Canadian sanctions against Iran
Between 2006 and 2010, the UN Security Council imposed four rounds of sanctions in response to Iran’s nuclear program. The UN sanctions regime, supplemented by autonomous sanctions applied by a number of countries, including Canada, played a key role in getting Iran to the table on nuclear negotiations.
On July 14, 2015, the P5+1 (the five permanent members of the UN Security Council -the United States, the United Kingdom, France, China and Russia, plus Germany), led by the European Union, concluded an agreement on Iran’s nuclear program called the Joint Comprehensive Plan of Action (JCPOA), which was endorsed by the Security Council in Resolution 2231 (2015). A key milestone for the nuclear deal was reached on what is known as “Implementation Day,” on January 16, 2016 following confirmation by the International Atomic Energy Agency (IAEA) that Iran had fulfilled the prescribed commitments under the JCPOA, rolling back Iran’s nuclear program and subjecting it to extensive and ongoing international verification. Implementation Day also triggered immediate changes to sanctions imposed by the UN, the United States and the European Union against Iran, resulting in significant nuclear sanctions relief for Iran.
UN Security Council Resolution 2231(2015) mandates ongoing restrictions on the export of certain arms to Iran for up to 5 years, ballistic missile technologies for up to 8 years, and on nuclear and dual-use items for up to 10 years. It also contains a “snapback” provision whereby sanctions could be re-applied if Iran fails to fulfill its commitments under the agreement. All UN Member States, including Canada, are obliged to implement the terms of UN Security Council Resolution 2231 (2015).
Canada, together with like-minded countries, also imposes sanctions against Iran going beyond those required by the UN. The aim of Canada’s autonomous sanctions, imposed under the Special Economic Measures Act (SEMA), is to continue to pressure Iran to meet its international commitments, and to ensure that Iran cannot source from Canada items which may contribute to its military or pose a risk of proliferation. Under the Iran SEMA Regulations, Canada maintains a list of goods that are not allowed to be sold, supplied or shipped to Iran and a list of designated individuals and entities subject to asset freezes, with whom all transactions involving property are prohibited. Under the Special Economic Measures (Iran) Permit Authorization Order, the Minister of Foreign Affairs may issue a permit to allow transactions that would otherwise be prohibited under the Iran SEMA Regulations. These permits are issued on a case-by-case basis, at the Minister's discretion.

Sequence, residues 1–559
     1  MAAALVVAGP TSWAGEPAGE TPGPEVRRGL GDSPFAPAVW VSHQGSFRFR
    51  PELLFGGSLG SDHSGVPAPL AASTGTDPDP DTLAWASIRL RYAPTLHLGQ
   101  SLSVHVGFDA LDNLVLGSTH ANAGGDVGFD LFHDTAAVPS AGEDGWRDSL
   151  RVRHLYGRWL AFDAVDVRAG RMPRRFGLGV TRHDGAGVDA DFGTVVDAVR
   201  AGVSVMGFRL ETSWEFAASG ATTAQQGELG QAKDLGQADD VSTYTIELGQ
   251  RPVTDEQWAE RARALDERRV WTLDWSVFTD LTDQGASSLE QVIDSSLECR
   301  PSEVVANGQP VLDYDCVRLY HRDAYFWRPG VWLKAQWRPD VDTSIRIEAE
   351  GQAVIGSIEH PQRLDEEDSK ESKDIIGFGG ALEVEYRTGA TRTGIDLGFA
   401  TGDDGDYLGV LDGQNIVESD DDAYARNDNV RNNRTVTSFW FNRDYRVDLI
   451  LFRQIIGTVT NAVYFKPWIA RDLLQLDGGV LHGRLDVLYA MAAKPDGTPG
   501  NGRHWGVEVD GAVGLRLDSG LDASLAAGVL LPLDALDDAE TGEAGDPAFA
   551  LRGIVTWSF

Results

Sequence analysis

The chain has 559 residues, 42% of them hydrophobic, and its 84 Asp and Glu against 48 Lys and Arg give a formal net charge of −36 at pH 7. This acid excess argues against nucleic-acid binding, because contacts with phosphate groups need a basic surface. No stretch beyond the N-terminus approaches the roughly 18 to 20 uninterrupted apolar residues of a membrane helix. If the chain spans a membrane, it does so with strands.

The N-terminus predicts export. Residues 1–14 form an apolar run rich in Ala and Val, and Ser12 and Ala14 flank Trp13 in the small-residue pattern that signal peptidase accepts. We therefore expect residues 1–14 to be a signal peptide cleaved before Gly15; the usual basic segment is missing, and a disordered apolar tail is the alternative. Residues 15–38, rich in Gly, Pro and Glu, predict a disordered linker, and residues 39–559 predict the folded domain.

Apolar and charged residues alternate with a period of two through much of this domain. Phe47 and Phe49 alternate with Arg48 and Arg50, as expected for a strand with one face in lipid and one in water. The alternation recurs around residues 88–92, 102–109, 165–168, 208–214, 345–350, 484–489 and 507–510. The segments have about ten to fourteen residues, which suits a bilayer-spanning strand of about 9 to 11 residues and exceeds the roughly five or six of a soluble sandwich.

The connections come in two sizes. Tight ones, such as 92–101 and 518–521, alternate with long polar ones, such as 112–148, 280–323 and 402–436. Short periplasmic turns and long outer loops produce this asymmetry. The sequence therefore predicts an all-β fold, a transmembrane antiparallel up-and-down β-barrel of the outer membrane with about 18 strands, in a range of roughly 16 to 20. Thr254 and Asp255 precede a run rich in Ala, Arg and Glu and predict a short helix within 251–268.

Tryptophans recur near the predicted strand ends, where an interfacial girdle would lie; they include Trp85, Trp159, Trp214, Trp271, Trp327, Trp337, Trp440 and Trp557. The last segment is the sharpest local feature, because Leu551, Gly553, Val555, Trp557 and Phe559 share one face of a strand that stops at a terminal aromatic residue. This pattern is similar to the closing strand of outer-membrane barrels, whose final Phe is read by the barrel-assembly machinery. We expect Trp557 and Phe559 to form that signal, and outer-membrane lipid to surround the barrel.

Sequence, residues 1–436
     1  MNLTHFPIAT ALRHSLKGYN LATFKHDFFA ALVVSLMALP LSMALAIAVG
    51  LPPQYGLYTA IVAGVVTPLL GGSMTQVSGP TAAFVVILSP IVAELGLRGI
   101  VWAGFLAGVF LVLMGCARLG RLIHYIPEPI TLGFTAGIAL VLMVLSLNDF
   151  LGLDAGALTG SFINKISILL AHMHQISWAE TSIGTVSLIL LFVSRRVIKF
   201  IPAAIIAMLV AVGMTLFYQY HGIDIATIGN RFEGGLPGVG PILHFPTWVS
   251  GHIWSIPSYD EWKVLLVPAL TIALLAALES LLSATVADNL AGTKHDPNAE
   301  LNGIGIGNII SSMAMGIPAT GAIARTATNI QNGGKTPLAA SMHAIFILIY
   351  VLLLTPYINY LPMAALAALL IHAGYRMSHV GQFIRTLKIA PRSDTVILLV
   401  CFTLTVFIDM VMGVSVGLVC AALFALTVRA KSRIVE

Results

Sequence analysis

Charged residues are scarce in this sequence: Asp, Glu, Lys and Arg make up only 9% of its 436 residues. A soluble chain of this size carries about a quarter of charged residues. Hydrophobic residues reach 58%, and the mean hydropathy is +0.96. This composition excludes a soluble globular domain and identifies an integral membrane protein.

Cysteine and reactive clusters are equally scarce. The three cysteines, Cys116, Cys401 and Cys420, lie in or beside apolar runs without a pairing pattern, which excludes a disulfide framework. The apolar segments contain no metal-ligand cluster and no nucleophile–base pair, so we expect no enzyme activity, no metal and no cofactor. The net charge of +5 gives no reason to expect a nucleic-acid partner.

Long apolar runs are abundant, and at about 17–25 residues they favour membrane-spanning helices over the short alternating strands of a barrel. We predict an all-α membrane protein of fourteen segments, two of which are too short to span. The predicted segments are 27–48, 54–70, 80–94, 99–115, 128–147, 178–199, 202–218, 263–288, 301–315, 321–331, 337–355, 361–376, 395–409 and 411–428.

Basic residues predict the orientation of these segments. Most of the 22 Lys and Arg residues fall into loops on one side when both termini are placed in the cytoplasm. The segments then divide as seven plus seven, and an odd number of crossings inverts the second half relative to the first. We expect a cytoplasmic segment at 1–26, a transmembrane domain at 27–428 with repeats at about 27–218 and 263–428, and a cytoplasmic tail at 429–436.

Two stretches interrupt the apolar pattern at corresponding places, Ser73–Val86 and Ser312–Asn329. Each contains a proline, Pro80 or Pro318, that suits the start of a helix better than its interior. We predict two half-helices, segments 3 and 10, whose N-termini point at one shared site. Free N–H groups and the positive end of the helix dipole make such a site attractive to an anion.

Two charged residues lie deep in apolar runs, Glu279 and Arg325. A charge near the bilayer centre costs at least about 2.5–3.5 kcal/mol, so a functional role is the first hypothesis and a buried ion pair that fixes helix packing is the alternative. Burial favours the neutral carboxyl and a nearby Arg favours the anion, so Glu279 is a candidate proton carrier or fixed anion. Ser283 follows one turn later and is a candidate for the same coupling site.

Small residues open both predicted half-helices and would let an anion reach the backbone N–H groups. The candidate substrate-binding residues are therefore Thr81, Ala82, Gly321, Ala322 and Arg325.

Finally, Canada continues to restrict the export to Iran of a wide range of proliferation-sensitive products listed on the Export Control List (ECL), under the Export and Import Permits Act (EIPA). See Notice to Exporters Serial No. 196 for further information.
Further information about Canada's sanctions against Iran
- Canada’s sanctions on other countries
- United Nations Security Council – Information on Resolution 2231 (2015)
- IAEA reports on Iran
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